Aviles also stressed that the Telementors can be helpful in encouraging high-achieving students to apply to elite colleges.

“When I talk to them about the colleges they’re interested in, a lot of times it’s the colleges in their area,” he said. “They shy away from applying to these top notch schools.”

Brill said she hopes the Telementors will also be able to help mentor Native American students who are not applying through QuestBridge.

The Admissions Office will also work alongside the Center Community Engagement in the second initiative by helping local low-income students get on a path toward college.

“We have already met with the Superintendent of the Amherst Regional Public Schools and have also had conversations with key administrators in the Holyoke Public Schools,” said Molly Mead, director of the Center for Community Engagement. “Conversations with Springfield educational leaders will follow in the next few weeks.”

Mead noted that all the school districts already have programs in place to help guide their students towards college, and that any initiative undertaken in partnership with the College would have to build upon these existing programs. Some ideas that have been discussed include creating a mentor program for high school students, offering support for parents and helping to ensure that faculty and staff are successful in their efforts to support students undergoing the college process.

Brill said that the Admissions Office has already been heavily involved in outreach to the local community.

“We do a ton of what I would consider service work,” Brill said. The Admissions Office holds essay writing and application workshops for local students and also presents at college fairs in the area. Brill said that even if many of the students are unlikely to attend Amherst College, she hopes the Admissions Office will be able to help local students see the possibilities that are open to them in higher education.

“It’s something we do because we know that they need the exposure,” she said, adding that many students may not necessarily think of college as a possibility for them.

A third component of Amherst’s efforts to help low-income students is the attempt to get low-income students and students of color interested in science and math fields. The Admissions Office has been partnering with Ventures Scholars, a program that helps low-income, first generation and underrepresented minority students to pursue careers in math and science. Additionally, the College hopes to increase the number of low-income students who major in science and math fields once they get to Amherst.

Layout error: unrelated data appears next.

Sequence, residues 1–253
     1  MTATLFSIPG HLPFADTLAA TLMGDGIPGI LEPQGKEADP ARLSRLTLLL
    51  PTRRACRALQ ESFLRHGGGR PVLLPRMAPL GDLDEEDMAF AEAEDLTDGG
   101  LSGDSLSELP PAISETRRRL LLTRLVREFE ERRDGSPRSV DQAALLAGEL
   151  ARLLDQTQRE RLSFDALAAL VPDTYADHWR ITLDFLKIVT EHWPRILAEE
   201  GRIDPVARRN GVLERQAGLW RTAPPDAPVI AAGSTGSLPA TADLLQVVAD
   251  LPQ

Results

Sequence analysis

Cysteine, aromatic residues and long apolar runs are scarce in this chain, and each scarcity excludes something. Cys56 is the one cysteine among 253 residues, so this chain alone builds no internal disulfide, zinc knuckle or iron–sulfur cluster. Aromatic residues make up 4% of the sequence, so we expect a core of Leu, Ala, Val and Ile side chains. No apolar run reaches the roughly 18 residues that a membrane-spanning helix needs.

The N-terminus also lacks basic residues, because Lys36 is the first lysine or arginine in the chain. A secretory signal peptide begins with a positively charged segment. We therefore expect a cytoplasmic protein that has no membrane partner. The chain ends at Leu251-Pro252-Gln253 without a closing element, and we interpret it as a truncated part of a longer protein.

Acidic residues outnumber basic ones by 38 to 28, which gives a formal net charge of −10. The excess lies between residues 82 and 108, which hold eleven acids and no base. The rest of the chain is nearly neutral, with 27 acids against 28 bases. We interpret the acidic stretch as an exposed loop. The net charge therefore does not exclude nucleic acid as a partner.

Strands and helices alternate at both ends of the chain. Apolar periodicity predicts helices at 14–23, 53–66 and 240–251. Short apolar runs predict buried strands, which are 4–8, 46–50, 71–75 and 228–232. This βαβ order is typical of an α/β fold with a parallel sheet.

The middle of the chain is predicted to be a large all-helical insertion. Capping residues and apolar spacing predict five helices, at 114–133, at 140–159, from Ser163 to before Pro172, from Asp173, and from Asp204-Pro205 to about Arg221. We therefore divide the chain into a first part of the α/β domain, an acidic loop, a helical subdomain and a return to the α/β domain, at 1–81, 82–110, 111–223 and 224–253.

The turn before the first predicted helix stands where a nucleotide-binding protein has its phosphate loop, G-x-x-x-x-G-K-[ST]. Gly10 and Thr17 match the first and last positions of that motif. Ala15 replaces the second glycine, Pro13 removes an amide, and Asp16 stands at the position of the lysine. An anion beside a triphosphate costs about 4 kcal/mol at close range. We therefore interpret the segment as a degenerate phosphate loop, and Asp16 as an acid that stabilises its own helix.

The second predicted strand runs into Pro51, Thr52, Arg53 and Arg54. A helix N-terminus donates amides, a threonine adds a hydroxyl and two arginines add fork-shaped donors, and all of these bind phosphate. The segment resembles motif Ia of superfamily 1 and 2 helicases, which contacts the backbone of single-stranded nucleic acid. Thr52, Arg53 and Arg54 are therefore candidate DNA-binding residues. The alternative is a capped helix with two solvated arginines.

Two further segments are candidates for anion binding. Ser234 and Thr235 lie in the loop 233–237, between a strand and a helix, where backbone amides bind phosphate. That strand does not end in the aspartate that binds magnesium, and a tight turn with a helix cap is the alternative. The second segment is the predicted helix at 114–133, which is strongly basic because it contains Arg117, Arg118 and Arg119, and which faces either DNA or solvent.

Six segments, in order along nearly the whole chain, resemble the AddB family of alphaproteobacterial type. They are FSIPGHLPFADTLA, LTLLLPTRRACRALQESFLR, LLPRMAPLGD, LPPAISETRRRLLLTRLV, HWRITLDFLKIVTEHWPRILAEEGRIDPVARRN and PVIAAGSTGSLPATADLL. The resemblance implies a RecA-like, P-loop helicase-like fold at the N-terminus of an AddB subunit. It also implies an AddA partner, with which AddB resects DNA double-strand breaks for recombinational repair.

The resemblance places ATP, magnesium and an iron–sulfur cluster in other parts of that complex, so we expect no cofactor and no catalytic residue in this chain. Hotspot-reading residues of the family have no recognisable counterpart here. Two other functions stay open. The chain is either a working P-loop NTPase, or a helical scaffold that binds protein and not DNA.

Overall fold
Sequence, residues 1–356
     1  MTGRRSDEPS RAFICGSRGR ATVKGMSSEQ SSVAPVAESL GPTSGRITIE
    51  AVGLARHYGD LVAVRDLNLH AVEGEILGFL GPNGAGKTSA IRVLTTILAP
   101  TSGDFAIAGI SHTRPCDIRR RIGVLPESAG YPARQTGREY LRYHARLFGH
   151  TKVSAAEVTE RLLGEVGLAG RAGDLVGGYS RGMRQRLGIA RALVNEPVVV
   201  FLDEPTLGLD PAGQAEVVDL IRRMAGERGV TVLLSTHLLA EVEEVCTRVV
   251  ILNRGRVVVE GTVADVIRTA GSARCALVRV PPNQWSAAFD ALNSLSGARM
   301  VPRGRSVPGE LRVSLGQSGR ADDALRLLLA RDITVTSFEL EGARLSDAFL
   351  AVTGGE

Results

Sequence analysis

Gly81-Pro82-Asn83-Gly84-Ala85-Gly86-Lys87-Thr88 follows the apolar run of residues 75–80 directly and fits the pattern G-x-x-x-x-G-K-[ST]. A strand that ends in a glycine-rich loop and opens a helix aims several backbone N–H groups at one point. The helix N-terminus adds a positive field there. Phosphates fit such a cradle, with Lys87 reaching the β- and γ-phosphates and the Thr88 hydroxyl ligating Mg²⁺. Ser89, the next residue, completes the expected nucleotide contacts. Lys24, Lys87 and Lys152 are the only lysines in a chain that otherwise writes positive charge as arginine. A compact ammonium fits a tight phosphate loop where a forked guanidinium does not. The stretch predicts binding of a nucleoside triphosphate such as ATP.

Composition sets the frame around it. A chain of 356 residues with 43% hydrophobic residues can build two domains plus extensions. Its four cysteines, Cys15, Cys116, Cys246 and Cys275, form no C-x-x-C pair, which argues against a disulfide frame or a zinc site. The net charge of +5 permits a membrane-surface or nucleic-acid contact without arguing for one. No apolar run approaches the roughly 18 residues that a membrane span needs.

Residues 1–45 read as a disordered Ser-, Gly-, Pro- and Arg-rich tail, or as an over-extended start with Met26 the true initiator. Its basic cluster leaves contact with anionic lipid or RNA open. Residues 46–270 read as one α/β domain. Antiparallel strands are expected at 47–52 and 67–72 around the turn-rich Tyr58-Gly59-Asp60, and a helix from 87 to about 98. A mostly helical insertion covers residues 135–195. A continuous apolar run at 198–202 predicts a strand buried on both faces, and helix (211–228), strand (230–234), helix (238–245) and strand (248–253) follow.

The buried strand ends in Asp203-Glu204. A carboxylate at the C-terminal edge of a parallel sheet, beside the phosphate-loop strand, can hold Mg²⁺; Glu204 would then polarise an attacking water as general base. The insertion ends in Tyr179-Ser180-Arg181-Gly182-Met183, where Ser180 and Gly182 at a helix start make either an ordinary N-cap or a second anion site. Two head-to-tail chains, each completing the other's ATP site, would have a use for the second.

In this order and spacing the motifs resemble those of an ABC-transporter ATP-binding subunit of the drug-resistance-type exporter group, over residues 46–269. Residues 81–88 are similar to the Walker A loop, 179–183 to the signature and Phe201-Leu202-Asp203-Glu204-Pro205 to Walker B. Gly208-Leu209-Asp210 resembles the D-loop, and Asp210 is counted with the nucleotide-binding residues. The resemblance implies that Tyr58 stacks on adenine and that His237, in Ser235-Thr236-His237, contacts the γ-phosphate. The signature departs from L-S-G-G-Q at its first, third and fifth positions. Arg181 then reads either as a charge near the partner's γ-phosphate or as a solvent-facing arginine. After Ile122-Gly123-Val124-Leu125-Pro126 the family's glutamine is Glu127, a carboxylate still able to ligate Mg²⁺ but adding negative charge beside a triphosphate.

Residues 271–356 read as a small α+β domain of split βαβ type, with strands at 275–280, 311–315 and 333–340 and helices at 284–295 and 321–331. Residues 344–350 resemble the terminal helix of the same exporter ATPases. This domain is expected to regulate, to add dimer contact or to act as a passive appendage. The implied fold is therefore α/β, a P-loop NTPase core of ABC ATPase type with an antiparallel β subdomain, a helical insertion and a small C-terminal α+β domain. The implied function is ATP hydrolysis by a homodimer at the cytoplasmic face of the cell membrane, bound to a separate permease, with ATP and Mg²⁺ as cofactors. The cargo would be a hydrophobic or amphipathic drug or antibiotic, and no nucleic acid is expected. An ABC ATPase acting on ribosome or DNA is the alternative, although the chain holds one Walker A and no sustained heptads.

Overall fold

Finally, in another initiative aimed at low-income students already at the College, the school hopes to increase the number of low-income students who study abroad, have internships, participate in independent research and write senior theses. According to the Office of Public Affairs, there is research to support the idea that students who participate in these activities will be more successful in college.

Work on all four initiatives has already begun, and the Admissions Office and Center for Community Engagement will be among the many groups on campus helping to carry out these plans in the coming months.

“I am pleased that the White House has recognized Amherst for its success in recruiting low-income and underrepresented students, in making an Amherst education affordable for them, and for retention and graduation rates that equal those of the student body as a whole,” President Martin told the Office of Public Affairs. “We are eager to take on additional challenges aimed at ensuring that all our students take advantage of high-impact learning opportunities at Amherst, while working with partners to increase the number of low-income students in our region who go to college.”